David A. Evans, Susan Feldman, Ed H. Chi, Nataša Milic-Frayling, and Igor Perisic
In the ACM 17th Conference on Information and Knowledge Management (CIKM 2008)
Social networking promises individuals new dimensions of freedom to interact, associate, and give expression to their talents. Recently, systems such as Mechanical Turk have started to facilitate self-organizing collaboration on work-related tasks. Such developments raise interesting questions. Is it possible to create (and sustain) businesses that do not have traditional, formal structure - without traditional “employees”? Can we find and organize (and optimize) talent on the web for task-oriented work - spontaneously and efficiently? How do people relate to one another in possibly evanescent workgroups? One aspect of the challenge in the Social Workspace is understanding and modeling the user behavior and the economic basis for creating, preserving, and exchanging value in the marketplace when workgroup identity, orientations to property, recruiting and managing appropriate talent are not organized under traditional company structures. Another aspect is the technology needed to support virtual organizations and work. The panel will discuss trends in social work and the evolving (scientific) basis of our understanding of new models of workers and organizations.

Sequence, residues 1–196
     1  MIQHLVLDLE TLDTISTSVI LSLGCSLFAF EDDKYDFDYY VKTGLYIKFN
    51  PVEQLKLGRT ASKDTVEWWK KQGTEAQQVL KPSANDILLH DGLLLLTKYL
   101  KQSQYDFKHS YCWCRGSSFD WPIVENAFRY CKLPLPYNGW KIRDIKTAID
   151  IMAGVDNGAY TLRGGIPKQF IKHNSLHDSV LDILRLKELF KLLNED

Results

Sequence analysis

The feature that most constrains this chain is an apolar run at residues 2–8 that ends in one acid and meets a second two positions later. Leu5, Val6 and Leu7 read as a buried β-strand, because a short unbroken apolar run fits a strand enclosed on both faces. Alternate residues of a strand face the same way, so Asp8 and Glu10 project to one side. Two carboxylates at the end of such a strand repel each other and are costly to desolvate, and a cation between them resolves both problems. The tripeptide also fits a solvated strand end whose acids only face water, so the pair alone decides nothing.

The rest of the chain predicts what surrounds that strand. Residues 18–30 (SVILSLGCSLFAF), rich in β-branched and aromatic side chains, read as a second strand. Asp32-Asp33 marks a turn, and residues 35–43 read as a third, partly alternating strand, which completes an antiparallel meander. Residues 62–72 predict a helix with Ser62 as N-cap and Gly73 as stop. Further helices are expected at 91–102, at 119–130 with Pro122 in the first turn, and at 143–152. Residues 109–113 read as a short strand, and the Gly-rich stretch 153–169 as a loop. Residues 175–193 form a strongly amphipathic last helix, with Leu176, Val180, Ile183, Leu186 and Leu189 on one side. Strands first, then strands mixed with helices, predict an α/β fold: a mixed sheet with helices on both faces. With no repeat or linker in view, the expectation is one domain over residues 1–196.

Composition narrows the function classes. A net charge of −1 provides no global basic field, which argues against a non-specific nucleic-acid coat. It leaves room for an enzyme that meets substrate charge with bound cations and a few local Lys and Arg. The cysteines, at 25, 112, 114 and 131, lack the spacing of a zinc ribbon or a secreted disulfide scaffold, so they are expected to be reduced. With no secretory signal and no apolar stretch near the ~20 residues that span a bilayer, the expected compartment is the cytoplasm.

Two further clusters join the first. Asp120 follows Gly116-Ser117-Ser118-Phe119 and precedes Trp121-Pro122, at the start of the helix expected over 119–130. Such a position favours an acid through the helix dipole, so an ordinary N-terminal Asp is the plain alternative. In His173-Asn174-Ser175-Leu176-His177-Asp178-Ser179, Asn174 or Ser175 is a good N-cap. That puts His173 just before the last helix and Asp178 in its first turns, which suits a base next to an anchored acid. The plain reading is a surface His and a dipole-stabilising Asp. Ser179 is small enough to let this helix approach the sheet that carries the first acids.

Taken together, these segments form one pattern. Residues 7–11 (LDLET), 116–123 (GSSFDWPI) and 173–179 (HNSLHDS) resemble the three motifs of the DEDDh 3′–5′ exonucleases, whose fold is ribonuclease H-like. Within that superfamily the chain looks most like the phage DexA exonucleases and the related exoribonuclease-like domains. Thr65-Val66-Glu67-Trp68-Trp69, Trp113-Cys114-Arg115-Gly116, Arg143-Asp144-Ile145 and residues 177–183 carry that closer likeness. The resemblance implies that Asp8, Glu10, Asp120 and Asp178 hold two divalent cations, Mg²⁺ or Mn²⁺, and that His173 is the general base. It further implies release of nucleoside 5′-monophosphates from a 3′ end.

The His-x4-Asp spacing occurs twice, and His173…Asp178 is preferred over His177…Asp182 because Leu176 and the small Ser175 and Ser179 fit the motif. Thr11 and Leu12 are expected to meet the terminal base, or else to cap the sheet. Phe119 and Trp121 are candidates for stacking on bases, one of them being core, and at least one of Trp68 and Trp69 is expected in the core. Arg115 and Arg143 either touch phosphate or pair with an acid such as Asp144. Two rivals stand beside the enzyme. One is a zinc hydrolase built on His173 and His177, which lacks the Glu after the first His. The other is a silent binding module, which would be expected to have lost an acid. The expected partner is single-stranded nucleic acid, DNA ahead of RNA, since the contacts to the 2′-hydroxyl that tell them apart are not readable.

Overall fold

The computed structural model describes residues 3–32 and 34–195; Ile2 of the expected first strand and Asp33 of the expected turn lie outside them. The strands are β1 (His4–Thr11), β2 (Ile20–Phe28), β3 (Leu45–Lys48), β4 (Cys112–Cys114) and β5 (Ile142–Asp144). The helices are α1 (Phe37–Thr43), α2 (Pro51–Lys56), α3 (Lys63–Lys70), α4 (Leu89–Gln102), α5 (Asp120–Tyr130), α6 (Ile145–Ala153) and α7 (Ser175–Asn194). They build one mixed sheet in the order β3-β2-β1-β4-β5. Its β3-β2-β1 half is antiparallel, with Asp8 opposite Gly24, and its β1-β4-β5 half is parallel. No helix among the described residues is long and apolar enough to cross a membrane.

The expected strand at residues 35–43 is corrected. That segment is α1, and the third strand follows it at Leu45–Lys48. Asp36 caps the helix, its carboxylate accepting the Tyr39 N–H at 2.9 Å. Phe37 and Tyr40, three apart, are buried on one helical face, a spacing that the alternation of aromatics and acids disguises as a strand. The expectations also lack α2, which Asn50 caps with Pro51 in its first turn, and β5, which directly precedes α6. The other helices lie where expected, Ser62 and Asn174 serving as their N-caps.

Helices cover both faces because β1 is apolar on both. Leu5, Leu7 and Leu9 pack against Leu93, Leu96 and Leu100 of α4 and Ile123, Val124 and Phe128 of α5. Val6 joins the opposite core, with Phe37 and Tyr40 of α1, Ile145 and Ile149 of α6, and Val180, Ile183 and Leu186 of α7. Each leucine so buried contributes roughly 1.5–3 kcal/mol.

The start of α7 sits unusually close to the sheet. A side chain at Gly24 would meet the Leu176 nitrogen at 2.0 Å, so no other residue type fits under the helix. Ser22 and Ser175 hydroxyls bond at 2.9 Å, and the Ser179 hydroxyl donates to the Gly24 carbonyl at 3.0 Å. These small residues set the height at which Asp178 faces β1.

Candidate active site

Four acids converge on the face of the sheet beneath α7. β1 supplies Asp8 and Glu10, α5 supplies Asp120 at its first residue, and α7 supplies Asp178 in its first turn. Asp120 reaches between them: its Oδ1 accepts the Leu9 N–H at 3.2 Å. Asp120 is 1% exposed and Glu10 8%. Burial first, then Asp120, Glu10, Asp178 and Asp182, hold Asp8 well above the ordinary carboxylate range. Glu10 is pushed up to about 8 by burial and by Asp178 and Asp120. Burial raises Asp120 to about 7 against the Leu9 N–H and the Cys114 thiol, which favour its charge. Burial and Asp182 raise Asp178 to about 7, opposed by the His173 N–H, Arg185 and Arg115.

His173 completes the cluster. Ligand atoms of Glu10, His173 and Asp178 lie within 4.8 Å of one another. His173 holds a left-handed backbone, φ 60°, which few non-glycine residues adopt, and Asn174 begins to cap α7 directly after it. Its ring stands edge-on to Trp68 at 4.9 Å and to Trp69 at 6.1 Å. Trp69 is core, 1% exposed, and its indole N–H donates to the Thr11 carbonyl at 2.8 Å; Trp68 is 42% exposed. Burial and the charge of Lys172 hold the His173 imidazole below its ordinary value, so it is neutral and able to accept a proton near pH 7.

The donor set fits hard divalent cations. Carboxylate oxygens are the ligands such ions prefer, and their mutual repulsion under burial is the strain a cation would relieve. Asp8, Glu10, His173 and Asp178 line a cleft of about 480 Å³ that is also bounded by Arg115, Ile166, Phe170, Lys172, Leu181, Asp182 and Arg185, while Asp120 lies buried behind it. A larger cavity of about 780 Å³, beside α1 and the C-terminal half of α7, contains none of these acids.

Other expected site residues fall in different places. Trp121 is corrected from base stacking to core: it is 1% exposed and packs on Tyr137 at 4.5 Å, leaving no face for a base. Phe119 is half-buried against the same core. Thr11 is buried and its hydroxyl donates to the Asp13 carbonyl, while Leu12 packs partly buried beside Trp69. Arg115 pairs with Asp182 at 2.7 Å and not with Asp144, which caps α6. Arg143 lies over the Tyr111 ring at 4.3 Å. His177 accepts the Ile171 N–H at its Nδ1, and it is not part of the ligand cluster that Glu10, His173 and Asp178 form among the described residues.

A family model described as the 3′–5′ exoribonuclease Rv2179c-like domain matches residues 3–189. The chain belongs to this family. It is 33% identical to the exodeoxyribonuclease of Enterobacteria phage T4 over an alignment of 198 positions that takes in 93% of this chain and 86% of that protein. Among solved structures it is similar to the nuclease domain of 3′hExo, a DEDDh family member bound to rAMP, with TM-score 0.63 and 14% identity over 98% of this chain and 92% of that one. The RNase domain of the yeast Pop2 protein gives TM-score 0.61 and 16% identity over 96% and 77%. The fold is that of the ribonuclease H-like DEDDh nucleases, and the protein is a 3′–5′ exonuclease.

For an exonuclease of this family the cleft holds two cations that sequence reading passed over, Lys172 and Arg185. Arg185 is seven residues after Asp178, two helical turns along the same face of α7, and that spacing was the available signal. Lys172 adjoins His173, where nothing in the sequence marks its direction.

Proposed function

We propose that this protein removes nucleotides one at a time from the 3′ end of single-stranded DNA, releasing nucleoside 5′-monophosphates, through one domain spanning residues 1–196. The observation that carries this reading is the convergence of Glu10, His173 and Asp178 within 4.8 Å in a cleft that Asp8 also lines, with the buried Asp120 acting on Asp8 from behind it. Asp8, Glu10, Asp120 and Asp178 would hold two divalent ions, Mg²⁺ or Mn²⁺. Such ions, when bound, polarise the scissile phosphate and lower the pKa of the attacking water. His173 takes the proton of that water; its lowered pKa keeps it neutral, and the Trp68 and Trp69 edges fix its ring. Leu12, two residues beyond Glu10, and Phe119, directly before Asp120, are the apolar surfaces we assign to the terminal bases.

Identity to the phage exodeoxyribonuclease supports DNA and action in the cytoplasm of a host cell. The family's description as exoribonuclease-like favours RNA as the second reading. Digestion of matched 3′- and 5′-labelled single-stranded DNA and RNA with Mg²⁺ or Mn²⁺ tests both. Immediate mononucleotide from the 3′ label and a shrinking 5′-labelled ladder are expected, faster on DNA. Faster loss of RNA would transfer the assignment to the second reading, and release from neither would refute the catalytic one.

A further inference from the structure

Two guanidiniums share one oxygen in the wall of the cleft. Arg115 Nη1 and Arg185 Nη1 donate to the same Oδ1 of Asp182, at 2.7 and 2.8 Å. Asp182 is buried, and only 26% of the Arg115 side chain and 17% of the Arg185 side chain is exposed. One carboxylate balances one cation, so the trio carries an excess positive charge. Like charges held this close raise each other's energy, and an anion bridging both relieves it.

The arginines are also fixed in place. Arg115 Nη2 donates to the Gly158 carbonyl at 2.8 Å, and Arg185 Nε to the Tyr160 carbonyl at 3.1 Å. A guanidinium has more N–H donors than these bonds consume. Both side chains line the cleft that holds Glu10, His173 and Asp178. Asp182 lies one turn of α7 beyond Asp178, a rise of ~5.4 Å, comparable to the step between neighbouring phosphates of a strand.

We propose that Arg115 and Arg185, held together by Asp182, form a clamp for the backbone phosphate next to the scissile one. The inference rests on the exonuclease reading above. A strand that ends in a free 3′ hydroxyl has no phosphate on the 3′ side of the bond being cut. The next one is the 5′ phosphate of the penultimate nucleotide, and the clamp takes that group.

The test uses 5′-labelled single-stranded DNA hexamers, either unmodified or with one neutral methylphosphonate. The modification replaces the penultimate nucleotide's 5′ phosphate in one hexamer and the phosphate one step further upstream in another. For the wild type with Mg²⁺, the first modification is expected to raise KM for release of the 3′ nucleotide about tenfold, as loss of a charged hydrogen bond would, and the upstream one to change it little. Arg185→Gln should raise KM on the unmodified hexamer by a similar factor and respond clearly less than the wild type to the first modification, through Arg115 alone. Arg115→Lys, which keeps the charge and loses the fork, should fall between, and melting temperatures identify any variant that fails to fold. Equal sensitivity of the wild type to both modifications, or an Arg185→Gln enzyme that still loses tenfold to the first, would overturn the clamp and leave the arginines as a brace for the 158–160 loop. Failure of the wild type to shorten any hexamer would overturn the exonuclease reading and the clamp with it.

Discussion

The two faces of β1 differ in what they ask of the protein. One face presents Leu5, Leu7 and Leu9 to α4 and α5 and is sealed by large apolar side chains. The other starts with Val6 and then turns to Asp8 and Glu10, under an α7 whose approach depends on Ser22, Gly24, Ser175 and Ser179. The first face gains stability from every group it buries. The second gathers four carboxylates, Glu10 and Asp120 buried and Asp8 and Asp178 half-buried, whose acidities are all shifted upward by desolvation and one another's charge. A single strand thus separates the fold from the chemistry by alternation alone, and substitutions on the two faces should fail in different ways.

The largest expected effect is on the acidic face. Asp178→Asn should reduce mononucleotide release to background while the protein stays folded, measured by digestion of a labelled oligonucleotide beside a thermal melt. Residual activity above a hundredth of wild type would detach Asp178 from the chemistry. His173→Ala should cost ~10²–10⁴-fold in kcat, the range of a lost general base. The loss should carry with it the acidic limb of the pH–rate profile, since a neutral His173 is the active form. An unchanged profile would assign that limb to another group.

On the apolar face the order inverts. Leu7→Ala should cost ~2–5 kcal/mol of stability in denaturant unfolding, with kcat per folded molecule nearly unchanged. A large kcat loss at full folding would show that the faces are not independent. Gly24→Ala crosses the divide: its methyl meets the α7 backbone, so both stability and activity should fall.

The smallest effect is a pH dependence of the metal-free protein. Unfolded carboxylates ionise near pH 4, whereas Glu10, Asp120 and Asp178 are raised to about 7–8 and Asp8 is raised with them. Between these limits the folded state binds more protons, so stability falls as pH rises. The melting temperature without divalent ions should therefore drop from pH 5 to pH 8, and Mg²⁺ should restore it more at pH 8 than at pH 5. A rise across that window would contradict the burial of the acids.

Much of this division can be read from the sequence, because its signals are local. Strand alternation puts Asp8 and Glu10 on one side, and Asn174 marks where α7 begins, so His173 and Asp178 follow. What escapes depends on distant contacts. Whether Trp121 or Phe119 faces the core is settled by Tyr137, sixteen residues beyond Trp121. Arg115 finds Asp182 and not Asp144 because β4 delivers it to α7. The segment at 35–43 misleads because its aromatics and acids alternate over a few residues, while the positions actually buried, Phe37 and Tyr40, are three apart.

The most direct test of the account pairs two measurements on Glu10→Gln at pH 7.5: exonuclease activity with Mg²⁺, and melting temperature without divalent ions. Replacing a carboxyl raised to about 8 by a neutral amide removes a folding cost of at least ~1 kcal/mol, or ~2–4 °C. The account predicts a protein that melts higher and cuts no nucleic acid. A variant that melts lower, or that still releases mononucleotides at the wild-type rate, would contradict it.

this is the default template